Adobe’s Flash/AIR Messaging Nightmare

Update: Mike Chambers posted an explanation and clarification on where Adobe is headed with Flash and AIR. Update 2: TechCrunch picks up (part of) the narrative.

I published an old post with my thoughts on the “Flash is Dead” thing that pops up routinely in media circles after anything happens to shake things up (like an Apple ban on Flash, or Adobe dropping a supported platform, etc.) yesterday. I optimistically highlighted in that piece the promise that AIR technology represents – it’s even in the title “Flash and AIR, Nothing But Opportunity“. I really believe the technology represents, and could fulfill all the promise those of us down in the weeds perceive. I also believe that Adobe’s Flash Platform engineers and evangelists also see that promise, and would like to see it fulfilled.

Yesterday Adobe unceremoniously dropped support for an entire class of platforms. No more Flash Player in mobile browsers. It’s not a terrible technical decision – working in AIR and native app land offers a ton more flexibility. It even makes business sense. Browser makers are increasingly hostile to Flash – Apple has never let it in the door on iOS (and never will), and Microsoft announced plans to kill off plugins even on the desktop in Windows 8 Metro interface. Browsers have become hostile territory for Flash, so it makes sense to move emphasis in the two directions the industry is headed – app store apps with AIR (which no one knows about) and HTML5 for browsers. In an important way, this does mean Flash is dead – it’s not going to be in the browser going forward. It really is out of Adobe’s control.

But there’s a problem. The longer Adobe’s bumbles the messaging, the harder it is to say for sure whether there is a lack of commitment to their platform (including AIR), or if it is truly just a PR problem. This kind of announcement had an easy to predict effect on Flash’s brand, yet there was no attempt to get out in front of that narrative that would show they are committed to the larger “Flash Platform” of which AIR is an important part going forward. In the non-technical parts of the industry – the media, managers, and creative side of production teams – they all heard Adobe Flash is out of mobile – use HTML5. It’s even worse in client land, where the term “HTML5 app” is used regularly along with “app store” – this news was so harmful to them, that clients with existing Flash content, which can be ported to the app space easily with AIR, are really freaking out. I can tell them about AIR all I want, but it’s hard for me to counteract all the media buzz (repetition is reality – brain science).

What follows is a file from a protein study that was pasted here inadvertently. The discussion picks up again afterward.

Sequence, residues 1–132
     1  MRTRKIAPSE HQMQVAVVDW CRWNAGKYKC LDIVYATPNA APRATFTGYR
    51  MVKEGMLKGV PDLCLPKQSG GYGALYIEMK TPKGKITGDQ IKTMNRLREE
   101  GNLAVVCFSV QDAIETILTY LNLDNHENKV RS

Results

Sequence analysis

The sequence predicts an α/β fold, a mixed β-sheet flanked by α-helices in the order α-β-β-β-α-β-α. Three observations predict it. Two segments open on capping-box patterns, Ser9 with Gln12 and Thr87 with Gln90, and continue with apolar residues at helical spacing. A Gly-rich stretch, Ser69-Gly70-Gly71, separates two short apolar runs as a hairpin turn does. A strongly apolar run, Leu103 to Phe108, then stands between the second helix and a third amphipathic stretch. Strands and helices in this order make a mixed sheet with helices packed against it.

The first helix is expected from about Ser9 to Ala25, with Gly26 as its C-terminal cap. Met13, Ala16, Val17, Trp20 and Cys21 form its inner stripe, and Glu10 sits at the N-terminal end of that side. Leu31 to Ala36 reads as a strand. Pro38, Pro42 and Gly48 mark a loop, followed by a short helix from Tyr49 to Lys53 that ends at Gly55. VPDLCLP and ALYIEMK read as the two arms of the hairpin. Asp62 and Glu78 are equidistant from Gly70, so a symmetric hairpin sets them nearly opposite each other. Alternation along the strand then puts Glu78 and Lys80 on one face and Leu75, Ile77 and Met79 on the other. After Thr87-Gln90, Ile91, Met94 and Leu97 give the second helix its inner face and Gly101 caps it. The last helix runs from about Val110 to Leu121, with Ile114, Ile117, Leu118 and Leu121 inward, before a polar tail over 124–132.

But what if they got the right message. This kind of move could represent a real intent on the part of Adobe’s leadership to get out of the Flash Platform altogether, and maybe out of the platform space entirely, and focus instead only on tooling to produce for the platform commons that HTML5 represents. Look at the kinds of decisions they’ve made recently. Adobe has essentially dropped internal support for their “Flash Platform” on every system platform they can, by either straight up dumping it (Linux, mobile flash, TV), or by farming out porting and support to partners like RIM.

On the other hand, Adobe and Flash evangelists and engineers seem committed to the “Flash Platform” which in an un-articulated narrative (narrative – it’s how we think – more brain science), really means AIR in app stores (mobile and desktop), but I’m not sure I’m getting the same message from the real decision makers at Adobe. I don’t know if it’s intent, or just plain old bad PR judgement, but it feels like I’m standing on the greasy platform, and it’s getting pretty tough to hold my balance. Some folks are already sliding off.

I think they are in it for the long haul, and they’ve even built some of their own apps on the little known Flash based mobile app technology that is AIR. But guessing someone’s intent is problematic – that only makes the PR problem clearer. I shouldn’t have to guess.

It boils down to this. I know technology, and I know the Flash Platform. I know it has merit and potential. But if people can’t tell if the decision makers at Adobe are serious about supporting it into the future, it’s going to be a tough haul to convince anyone to build anything on that platform. I already know a few platforms, including HTML, learning a new one isn’t scary, but I really prefer Flash and AIR because of it’s potential and even it’s legacy, which has value (despite the tar Steve Jobs dumped on it). If Adobe can’t or won’t make it clear that they are committed to AIR and the Flash Platform, I’ll have to find an alternative – and the decision won’t be mine. At this point, we need a clear unambiguous statement of intent from Adobe – are you committed to the Flash Platform and AIR, or not? A public roadmap wouldn’t hurt either.